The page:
By Dr. David Woo - August 29, 2018
Transcranial magnetic stimulation (TMS) is a six-week, one-course treatment therapy that gained FDA approval in 2008. TMS has been approved for the treatment of depression that does not respond to standard therapies like medications and talk therapy, often referred to as treatment-resistant depression. (1)
TMS has shown positive results for individuals with treatment-resistant depression. (2) But one important question is: Does TMS provide positive outcomes in the long term even though it’s just a single course of treatment? Before answering this question, let’s take a quick look at how TMS reduces and/or eliminates symptoms of depression. Then, we’ll explore how scientists measure the effects of TMS to determine its long-term qualities. Finally, we’ll discuss the long-term effects of TMS compared to systemic antidepressant medications.
How Does TMS Interact With the Brain to Relieve Symptoms of Depression?
TMS uses magnetic pulses to interact with nerve cells, called neurons, in the regions of the brain associated with mood and depression. Magnetic pulses are delivered painlessly through a coil that is placed close to the head. These pulses communicate with neurons to stimulate the release of neurotransmitters (chemical signals), activating and increasing depleted neurotransmitters. This improves communication between different regions of the brain involved in mood regulation. (3)
How Do Scientists Understand the Long-Term Effects of TMS?
During research studies observing the effects of TMS, scientists have used different research instruments to measure the effects of the treatment. These tools include:
- Clinician-Reported Clinical Global Impressions-Severity of Illness Scale: A scale completed by the observing healthcare team. This tool helps researchers understand the effect that the patient’s symptoms have on their ability to function in daily life. (4)
- Inventory of Depressive Symptoms Self-Report: A questionnaire filled out by the patient about the frequency and severity of his/her symptoms of depression. (5)
- 9-Item Patient Health Questionnaire: A questionnaire filled out by the patient used to measure the severity of symptoms of depression. (6)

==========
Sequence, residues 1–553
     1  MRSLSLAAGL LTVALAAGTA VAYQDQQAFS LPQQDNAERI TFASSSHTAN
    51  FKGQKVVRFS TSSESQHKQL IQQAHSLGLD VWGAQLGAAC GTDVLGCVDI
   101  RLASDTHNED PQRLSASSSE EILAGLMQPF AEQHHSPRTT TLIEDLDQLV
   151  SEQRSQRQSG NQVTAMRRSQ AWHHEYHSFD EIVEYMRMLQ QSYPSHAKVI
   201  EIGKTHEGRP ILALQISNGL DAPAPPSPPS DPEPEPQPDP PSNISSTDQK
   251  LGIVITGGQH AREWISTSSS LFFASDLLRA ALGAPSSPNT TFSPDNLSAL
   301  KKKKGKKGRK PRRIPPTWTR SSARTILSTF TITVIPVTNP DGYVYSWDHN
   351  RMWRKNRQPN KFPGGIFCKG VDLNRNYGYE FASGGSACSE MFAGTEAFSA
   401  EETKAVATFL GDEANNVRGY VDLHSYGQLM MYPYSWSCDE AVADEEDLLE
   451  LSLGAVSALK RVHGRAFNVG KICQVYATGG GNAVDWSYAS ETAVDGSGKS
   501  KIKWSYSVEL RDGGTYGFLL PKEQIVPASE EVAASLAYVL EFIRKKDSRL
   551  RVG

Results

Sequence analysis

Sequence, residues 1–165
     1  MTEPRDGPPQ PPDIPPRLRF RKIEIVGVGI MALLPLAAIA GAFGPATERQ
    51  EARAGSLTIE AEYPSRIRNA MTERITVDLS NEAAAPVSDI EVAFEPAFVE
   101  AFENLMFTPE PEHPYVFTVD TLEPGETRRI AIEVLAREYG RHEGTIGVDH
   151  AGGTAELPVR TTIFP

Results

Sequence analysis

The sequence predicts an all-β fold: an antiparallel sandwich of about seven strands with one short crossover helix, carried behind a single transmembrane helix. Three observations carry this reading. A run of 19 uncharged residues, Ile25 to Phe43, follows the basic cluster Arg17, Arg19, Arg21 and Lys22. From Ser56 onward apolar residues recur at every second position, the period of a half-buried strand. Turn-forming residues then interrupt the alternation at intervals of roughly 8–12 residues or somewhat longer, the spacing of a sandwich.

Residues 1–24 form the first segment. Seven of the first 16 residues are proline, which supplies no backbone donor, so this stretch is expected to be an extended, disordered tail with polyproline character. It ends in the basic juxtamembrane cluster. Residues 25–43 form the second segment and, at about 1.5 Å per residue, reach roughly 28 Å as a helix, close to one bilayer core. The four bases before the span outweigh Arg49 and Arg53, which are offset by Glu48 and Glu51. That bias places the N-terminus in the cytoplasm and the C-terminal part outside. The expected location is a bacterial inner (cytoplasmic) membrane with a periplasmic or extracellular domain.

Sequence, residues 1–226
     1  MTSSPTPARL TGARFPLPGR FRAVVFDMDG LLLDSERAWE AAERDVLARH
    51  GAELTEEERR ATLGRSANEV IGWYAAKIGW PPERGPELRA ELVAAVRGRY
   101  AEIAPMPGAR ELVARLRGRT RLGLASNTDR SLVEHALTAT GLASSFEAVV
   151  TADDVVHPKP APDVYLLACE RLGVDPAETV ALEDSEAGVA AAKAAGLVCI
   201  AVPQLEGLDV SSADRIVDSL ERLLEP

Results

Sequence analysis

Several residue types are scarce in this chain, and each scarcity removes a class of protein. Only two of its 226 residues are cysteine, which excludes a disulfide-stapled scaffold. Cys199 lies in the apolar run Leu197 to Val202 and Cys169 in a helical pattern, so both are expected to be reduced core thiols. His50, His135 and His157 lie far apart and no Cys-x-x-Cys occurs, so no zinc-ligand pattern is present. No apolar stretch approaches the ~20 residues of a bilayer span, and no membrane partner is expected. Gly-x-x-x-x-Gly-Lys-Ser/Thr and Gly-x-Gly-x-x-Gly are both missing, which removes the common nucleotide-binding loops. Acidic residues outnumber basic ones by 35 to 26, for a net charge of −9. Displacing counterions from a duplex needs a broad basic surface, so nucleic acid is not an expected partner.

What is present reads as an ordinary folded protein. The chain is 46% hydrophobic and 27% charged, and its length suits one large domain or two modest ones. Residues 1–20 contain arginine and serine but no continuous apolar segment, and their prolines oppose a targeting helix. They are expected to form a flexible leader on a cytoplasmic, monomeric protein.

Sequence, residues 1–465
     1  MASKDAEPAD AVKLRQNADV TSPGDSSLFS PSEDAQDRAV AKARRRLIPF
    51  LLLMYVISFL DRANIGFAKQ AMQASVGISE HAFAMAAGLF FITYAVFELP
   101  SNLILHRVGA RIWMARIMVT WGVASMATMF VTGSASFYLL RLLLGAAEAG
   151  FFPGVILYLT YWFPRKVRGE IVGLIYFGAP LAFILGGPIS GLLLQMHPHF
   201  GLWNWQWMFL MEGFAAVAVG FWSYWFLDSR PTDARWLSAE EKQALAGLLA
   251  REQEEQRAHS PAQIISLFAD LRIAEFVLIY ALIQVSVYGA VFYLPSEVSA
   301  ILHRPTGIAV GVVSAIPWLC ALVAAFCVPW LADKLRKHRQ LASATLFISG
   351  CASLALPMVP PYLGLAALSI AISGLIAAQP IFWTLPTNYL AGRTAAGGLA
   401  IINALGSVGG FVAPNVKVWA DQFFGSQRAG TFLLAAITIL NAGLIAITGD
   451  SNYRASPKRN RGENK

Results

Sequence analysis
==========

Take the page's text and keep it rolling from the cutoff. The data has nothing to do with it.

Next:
These tools help physicians understand the severity of the diagnosis from the patients’ point of view, as well as from a clinical point of view as a healthcare professional. They are used both before and after treatment to track the patient’s progress.
TMS Provides Long-Term Results Without the Side Effects Associated With Systemic Medications
A study published in 2014 in the Journal of Clinical Psychiatry revealed results that showed TMS to be effective for relieving symptoms of depression in the long term for many patients — even as a single course of treatment. Two hundred fifty-seven patients diagnosed with major depressive disorder participated in this study, across 42 different clinics. All participants received a six-week course of TMS depression treatment with their providers. Each patient completed an assessment before TMS treatment, and a follow-up assessment every three months for the next 12 months after treatment. The results of this study showed that 62.5 percent of patients showed remission, or no symptoms of depression, even one year after initial treatment. (7)
TMS is also not associated with any long-term side effects. Short-term side effects that have been reported include scalp discomfort and headache that often go away within the first week of treatment. (1) This differs from systemic antidepressant medications that are associated with undesirable side effects like trouble sleeping, weight gain, and sexual dysfunction, which can continue to affect an individual’s health and quality of life long-term. (8) To learn more about how TMS works, its efficacy rate, and the benefits of this therapy, click here. You can also learn more about TMS therapy success rates.
- Grohol JM. TMS Treatment for Depression Gains FDA Approval. Psychcentral.com. Updated October 9, 2008. Accessed August 17, 2018.
- Carpenter LL, Janicak PG, Aaronson ST, et al. Transcranial magnetic stimulation (TMS) for major depression: A multisite, naturalistic, observational study of acute treatment outcomes in clinical practice. Depress Anxiety. 2012;29(7):587-96. Click Here. Accessed August 17, 2018.
- Neurostar mechanism of action. YouTube: Neurostar Advanced Therapy. Click Here. Published on Nov 29, 2016. Accessed on August 17, 2018.
- Busner J, Targum S. The Clinical Global Impressions Scale, Applying a Research Tool in Clinical Practice. Psychiatry (Edgmont). 2007 Jul; 4(7): 28–37. Click Here. Accessed August 20, 2018.
- Administration. Inventory of Depressive Symptomatology (IDS) and Quick Inventory of Depressive Symptomatology (QIDS). Click Here. Publication date unavailable. Accessed August 20, 2018.
- The Patient Health Questionnaire (PHQ-9) – Overview. Center for Quality Assessment and Improvement in Mental Health. Click Here. Publication date unavailable. Accessed August 20, 2018.
- Dunner DL, Aaronson ST, Sackeim HA, et al. A multisite, naturalistic, observational study of transcranial magnetic stimulation for patients with pharmacoresistant major depressive disorder: Durability of benefit over a 1-year follow-up period. J Clin Psychiatry. 2014;75(12):1394-401. Click Here. Accessed August 17, 2018.
- Ferguson J. SSRI Antidepressant Medications: Adverse Effects and Tolerability. Prim Care Companion J Clin Psychiatry. 2001 Feb; 3(1): 22–27. Click Here. Accessed August 20, 2018.